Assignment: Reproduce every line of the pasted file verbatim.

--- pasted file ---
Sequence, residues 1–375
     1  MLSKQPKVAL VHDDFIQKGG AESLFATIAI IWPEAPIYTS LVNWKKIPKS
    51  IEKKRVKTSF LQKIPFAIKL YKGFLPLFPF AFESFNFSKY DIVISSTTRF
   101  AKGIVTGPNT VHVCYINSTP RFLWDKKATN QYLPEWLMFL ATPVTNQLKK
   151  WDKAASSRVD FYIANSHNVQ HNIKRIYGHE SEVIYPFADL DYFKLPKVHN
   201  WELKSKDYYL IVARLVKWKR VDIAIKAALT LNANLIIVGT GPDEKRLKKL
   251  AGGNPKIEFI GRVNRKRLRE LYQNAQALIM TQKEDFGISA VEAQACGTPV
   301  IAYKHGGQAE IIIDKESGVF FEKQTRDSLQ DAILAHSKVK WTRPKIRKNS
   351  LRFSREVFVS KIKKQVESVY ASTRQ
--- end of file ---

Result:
Sequence, residues 1–375
     1  MLSKQPKVAL VHDDFIQKGG AESLFATIAI IWPEAPIYTS LVNWKKIPKS
    51  IEKKRVKTSF LQKIPFAIKL YKGFLPLFPF AFESFNFSKY DIVISSTTRF
   101  AKGIVTGPNT VHVCYINSTP RFLWDKKATN QYLPEWLMFL ATPVTNQLKK
   151  WDKAASSRVD FYIANSHNVQ HNIKRIYGHE SEVIYPFADL DYFKLPKVHN
   201  WELKSKDYYL IVARLVKWKR VDIAIKAALT LNANLIIVGT GPDEKRLKKL
   251  AGGNPKIEFI GRVNRKRLRE LYQNAQALIM TQKEDFGISA VEAQACGTPV
   301  IAYKHGGQAE IIIDKESGVF FEKQTRDSLQ DAILAHSKVK WTRPKIRKNS
   351  LRFSREVFVS KIKKQVESVY ASTRQ